All-Star weekend got cancelled this year due to COVID-19. There isn’t any information of whether the League will be able to put together an All-Star weekend at the end of the season. Season 3 has been a whirlwind of putting the league together in an online format, but the consequence of that is the League is divided into the APAC and NA regions. With all this separation what was needed the most was what was taken away, a weekend of community.
There was an anticipation that grazed the Overwatch League fans when All-Stars was announced. As a fan there is the desire to see your players in the All-Star match, but also to see what players are put together. On Twitter there are screenshots of who people voted for, threads of debates of who is going to play off tank for the Atlantic team, or the always dubious elephant in the room of one or two players who don’t speak Korean on an all Korean team.
This weekend brings together the fans as NYXL fans cheer on Jaehyeok ‘Carpe’ Lee or Hunter fans yell for Xu ‘Guxue’ Qiulin to get the kill. It allowed for a combination of players that fans could only dream about, such as in Season 1 Jaehui ‘ Gesture’ Hong was able to play with Jongryeol ‘Saebyeolbe’ Park. In Season 2 of All- Stars the fans got to see the reunion of Yeonjoon ‘Ark’ Hong and Sunghyeon ‘Jjonak’ Bang. Not only did it bring the fans together, but also is an important component of the season for the pro players.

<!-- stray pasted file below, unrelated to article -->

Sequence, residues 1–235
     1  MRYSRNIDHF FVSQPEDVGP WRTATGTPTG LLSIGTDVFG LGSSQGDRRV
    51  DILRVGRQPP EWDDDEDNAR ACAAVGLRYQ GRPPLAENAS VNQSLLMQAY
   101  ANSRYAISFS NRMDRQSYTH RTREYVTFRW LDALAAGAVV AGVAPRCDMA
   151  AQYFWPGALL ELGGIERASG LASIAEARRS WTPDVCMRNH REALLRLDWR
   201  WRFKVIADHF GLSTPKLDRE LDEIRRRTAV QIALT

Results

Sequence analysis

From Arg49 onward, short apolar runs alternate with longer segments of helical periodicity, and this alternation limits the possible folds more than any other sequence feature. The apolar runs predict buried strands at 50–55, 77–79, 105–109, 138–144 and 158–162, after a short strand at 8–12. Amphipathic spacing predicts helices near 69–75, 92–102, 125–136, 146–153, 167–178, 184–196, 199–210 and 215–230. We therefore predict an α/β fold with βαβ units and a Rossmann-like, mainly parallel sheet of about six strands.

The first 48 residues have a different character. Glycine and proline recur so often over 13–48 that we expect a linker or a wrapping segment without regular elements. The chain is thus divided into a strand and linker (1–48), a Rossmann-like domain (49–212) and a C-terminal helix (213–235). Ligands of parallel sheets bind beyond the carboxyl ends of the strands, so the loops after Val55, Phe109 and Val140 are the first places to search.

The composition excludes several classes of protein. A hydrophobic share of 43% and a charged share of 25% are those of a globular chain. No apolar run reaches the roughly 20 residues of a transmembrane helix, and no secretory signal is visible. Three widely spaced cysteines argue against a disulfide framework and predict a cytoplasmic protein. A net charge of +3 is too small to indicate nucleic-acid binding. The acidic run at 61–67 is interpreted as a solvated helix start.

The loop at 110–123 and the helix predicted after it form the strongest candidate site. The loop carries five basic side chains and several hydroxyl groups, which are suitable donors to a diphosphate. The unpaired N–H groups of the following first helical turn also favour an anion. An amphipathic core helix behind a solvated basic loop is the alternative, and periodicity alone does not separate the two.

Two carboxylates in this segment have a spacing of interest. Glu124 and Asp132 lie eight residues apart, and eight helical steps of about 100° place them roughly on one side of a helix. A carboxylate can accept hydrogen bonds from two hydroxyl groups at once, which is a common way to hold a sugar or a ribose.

More than just the games
All-Star weekend is essential in promoting and humanizing players to the community. With all the pressures that come along with being a part of the League, every match matters and how time is used to prepare is essential. That means many times teams have to decide between preparation and content creation. All-Star weekend gave teams a fair platform to highlight some of the players who mechanically are amazing and be able to show their personalities more so that the community gets to know them better as people.